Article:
dogs eating food from bowls

Every animal fits into one of three categories related to its diet. Cats are carnivores; rabbits, horses, and ruminants are herbivores; pigs and dogs, like people, are omnivores. That’s what most people have always thought, anyway. A growing body of veterinary professionals and researchers are providing strong arguments for dogs being carnivores rather than omnivores.

So, are dogs carnivores or omnivores? Why is there a sudden shift in thinking on something as simple as an animal’s diet?

The Omnivore Argument

Let’s look at the science behind the argument for dogs being omnivores. Three strong facts favor the “dogs are omnivores” theory.

  1. A dog’s intestines are long in size: Meat is relatively easy to digest compared to plant protein. If you look at the intestinal length of known carnivores, like cats, it is quite short. Herbivores, in contrast, have long intestines because plant matter is hard to break down. Creatures that are omnivores digest both and have intestinal lengths somewhere in between. A dog’s intestinal length is longer than a cat’s, so it makes sense that they are omnivores.
  2. Wolves eat grains: The domestic canine’s wild ancestors eat plenty of grain. Wolves are known to binge eat berries and grains found in their prey’s stomachs.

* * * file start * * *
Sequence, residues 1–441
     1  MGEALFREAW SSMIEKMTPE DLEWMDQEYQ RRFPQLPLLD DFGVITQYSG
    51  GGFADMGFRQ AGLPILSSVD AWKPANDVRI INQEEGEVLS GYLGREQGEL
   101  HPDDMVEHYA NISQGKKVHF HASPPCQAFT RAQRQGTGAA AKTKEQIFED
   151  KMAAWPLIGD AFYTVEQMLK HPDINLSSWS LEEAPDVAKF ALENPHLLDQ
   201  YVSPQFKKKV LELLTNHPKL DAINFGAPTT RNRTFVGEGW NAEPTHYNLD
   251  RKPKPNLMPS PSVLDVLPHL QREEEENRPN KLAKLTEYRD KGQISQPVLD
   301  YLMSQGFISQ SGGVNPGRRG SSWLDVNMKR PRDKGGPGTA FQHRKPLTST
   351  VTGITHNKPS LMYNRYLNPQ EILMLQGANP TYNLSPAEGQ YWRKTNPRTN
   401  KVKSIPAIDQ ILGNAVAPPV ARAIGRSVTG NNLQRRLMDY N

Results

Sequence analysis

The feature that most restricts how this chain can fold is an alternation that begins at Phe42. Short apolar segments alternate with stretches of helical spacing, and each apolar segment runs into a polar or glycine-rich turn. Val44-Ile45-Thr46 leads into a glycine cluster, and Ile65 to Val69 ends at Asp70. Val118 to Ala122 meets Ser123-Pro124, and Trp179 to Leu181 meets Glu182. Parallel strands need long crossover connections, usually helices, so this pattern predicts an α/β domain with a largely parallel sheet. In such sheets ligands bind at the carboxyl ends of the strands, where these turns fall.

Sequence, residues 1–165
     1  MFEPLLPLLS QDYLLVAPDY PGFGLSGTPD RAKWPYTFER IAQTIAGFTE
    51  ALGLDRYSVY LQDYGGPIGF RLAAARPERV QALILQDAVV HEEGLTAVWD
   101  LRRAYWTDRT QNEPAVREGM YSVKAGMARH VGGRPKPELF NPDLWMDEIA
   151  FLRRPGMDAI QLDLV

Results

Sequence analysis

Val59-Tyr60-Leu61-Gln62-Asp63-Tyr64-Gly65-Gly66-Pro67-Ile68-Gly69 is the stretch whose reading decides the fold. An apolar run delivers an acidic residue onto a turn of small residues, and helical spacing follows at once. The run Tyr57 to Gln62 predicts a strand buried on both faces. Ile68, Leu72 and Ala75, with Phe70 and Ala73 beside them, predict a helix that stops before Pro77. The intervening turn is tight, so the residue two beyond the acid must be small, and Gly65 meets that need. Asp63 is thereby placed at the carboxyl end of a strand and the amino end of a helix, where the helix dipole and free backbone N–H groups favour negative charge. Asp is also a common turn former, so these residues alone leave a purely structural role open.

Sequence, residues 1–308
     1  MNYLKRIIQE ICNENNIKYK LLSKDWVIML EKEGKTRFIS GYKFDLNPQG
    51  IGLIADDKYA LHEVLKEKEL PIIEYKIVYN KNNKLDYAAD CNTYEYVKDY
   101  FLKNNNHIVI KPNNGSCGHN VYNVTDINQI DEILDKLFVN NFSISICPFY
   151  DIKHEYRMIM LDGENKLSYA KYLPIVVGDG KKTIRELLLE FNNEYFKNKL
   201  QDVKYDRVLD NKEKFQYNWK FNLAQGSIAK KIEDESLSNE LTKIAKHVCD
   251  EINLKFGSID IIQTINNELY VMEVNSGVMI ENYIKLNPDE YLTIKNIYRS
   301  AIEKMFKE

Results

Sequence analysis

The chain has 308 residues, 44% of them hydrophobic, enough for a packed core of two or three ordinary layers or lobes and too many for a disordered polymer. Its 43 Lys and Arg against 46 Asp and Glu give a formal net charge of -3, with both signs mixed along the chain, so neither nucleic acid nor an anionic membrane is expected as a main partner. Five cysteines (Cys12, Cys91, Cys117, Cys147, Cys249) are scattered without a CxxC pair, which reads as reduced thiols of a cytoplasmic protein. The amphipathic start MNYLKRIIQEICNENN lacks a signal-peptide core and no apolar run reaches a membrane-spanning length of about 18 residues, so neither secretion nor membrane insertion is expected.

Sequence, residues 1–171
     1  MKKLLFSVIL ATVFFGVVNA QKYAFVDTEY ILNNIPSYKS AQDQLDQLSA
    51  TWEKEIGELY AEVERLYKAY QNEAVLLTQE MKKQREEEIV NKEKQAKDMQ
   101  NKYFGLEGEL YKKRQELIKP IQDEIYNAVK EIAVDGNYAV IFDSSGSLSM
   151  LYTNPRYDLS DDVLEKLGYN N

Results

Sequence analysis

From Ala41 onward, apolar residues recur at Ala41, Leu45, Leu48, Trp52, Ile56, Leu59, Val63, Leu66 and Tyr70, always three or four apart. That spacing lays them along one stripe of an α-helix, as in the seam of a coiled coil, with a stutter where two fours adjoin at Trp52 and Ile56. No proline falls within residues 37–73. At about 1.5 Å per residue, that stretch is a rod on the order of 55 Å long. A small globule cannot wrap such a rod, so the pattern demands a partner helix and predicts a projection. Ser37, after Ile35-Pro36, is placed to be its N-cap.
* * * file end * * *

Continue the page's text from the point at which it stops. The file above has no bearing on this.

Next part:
3. Dog’s digestive systems are specially adapted to eat grain: Dogs have three genes that provide them the ability to digest starch and glucose. Given that this is part of their genetic code, it’s hard to argue that dogs aren’t made to eat vegetables and grains.
Shiba Inu dog standing on wooden floor at home
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The Carnivore Argument

These arguments make a solid case for classifying dogs as omnivores. But it’s not so simple. Dr. Wouter Hendriks of Utrecht University’s Veterinary School in the Netherlands makes a strong argument in favor of dogs being carnivores. He offers the Coefficient of Fermentation (CoF) Theory. It states that the volume of the intestines should be used to classify animals as carnivores rather than intestinal length. The total volume of canine and feline intestines is similar.

Herbivores can digest and absorb the nutrition in plant matter based on their capacity to ferment it. According to Dr. Hendriks, this gives them a high CoF, but carnivores don’t have this ability. He concludes that the CoF of dogs and cats is low, and it is, therefore, right to classify both dogs and cats as carnivores.

Which Argument Is Correct?

A thorough look at the two arguments still favors dogs being omnivores. While there is truth to Dr. Hendrik’s arguments, the digestive systems of herbivores are quite different from those of omnivores because omnivores still digest meat.

Humans are omnivores and have a relatively low CoF. We can sustain a healthy diet in many forms, including a vegetarian or vegan diet. But we don’t ferment our vegetables. Dogs also can and do eat a variety of different foods, including many that are forbidden to carnivores.

Though dogs have a few traits that are carnivorous in nature, they are generally omnivores. Dogs have adapted to human cuisine and as a result, cannot be pure carnivores.

Featured Image Credit: Phuttharak, Shutterstock